Lolene enjoyed being skinny for all of last year, and now she's enjoying getting it all back. She says she's on a perpetual diet. She adores her family, as will be seen by the following summary which she has given of them.

There's Darwin Gifford, her handsome, jovial husband. He is the production manager for Kelty. They make "top-of-the-line" backpacks and hiking gear. Darwin is in the Stake High Council, and is over the Varsity Scouting program. He plays the drums in the Gifford Orchestra for the senior citizen dances, and brings Lolene stale, foil-wrapped sandwiches home from the dances. (Lolene loves stale sandwiches. She says the flavors are blended and mellow.)

Their first child Aaron is Mr. Computer. He loves computers. He says, "I know the makes and models of computers like some kids know cars." He hates his paper route, but he loves the money it brings in. He has been able to save enough to buy an Atari 400 computer, and is buying the accessories to beef it up. He plays trombone in the school band. He likes math, science, and speech classes, and loves to read science fiction.

Andy is in the seventh grade in the middle school and is on the high honor roll. He's a conscientious student and gets good grades. He loves his sisters, and is good to them. He takes them with hi when he collects for the papers on his route, and stops and buys them ice cream cones. He is kind to all little children, and is a good story teller. He baby sits for the neighbors. He has acquired his Grandpa Gifford's trumpet and plays in the school band. Grandpa's trumpet is a very gifted trumpet. Andy is doing great on it. Both Aaron and Andy pass the sacrament in church.

783 At the age of ten, Katie has discovered boys and makeup. She enjoys clothes and lots of friends, and wishes she had a horse. She likes to read, and won't let her mom cut her hair for her. The current fad is to wear it long and kinky. Katie can do her own hair, and she goes to school looking cute. She likes sports, especially football and kickball. She wants to be a cheerleader someday, and already knows all the gestures.

Katie is very thoughtful of other people. She and Janna Lynn baked cupcakes in their own little dishes and took them to Dr. Last (their bishop) who is at home with broken ribs. Dr. Last hugged them both. Katie always cleans her room without being reminded. She takes singing and dancing lessons from Polly Stirland.

Janna Lynn is the precocious one. Although she's only eight, she doesn't settle for children's books. She prefers grownup books. She's quiet and reads a lot. School comes too easy for her. While Katie is very vocal about her wants and wishes, like wishing she had a horse, Janna Lynn rarely expresses her wishes. She does want to be an artist. She can make an excellent chocolate cake from scratch—one that is moist and tender. She takes singing lessons from Polly Stirland. The dancing lessons Will come later. Janna Lynn is loving and likes to be cuddled.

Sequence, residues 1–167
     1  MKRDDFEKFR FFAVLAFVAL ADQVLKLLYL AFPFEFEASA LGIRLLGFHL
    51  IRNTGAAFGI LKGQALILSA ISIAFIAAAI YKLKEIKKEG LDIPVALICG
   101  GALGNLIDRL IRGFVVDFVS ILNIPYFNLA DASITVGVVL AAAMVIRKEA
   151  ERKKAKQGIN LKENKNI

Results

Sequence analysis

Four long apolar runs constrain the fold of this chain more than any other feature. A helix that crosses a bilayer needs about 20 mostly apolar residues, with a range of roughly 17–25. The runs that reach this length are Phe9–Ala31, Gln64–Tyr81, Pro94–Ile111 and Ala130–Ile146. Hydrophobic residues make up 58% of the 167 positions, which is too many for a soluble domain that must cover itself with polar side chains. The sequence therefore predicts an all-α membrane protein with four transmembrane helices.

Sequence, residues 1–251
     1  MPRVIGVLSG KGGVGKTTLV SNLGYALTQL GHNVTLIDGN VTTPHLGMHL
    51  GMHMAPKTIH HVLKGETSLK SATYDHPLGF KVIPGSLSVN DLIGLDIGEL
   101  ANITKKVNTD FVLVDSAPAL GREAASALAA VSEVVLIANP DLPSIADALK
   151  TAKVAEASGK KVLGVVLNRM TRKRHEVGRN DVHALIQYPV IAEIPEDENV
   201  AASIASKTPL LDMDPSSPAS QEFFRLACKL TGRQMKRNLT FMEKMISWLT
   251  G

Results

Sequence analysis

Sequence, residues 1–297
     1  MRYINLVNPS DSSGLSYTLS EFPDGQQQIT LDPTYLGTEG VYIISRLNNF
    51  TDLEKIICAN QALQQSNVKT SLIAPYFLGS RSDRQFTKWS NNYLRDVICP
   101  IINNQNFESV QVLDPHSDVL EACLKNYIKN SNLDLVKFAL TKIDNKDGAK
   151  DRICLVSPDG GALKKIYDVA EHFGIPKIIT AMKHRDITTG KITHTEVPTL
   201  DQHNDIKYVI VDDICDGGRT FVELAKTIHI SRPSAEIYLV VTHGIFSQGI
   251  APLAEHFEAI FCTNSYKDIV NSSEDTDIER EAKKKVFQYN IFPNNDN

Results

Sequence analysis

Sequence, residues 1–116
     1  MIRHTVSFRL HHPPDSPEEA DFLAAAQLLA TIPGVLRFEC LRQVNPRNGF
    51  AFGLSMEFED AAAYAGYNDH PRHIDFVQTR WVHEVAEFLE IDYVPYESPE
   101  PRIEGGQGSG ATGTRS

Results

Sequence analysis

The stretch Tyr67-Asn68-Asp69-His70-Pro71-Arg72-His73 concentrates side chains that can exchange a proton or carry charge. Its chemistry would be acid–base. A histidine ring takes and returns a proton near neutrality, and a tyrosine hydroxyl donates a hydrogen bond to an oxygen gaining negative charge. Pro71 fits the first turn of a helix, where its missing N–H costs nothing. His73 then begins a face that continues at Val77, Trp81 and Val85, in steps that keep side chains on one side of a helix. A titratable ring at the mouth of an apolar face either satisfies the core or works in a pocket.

Shauna is the hearty one, with a quick and rollicking laugh. She is a very positive person, and excited about the first grade because she is learning to read. She likes pink. She learned to ride a two-wheel bike when she was only four. Every single night she calls, "Mom, will you come and tuck me in?" After she has been tucked in, she might want to get up and get a drink or go to the bathroom, but that's all right, because she has already been tucked. She takes singing lessons from Polly also, and piano lessons from Abraham Neighbor.

Mr. Neighbor said he had a dream about Shauna, that she was a concert pianist. When Lolene took her to him, and he watched those little fingers go over the keys, he said, "She definitely has got it." At first he didn't want to take a child who was only six.

Kendall Paul is the only brown-eyed one in the family. He's a peaceful little chap at three, going on four. He plays quietly by himself for hours every day. Because everyone else is in to music, he has set up his own little program. He sits up to the piano and practices every day—not the ordinary pounding of a child, but he takes finger exercises. He has a very persuasive way of getting what he wants.

His cousin Susanna, whom we called the little cyclone, can lead Kendall around as if she had a ring in his nose. To her, he is like a gentle breeze. They're a real compliment to each other.

Winferd and Alice's seven dearly beloved children have added to our household their eternal companions and thirty-six grandchildren, counting Helen and DeMar's dark eyed senorita, and seven great-grandchildren. And before this account is published, there will be more.

How dear to my heart are these precious children. How happy I am for the bright hope of the eternities.

... MORE TO COME ...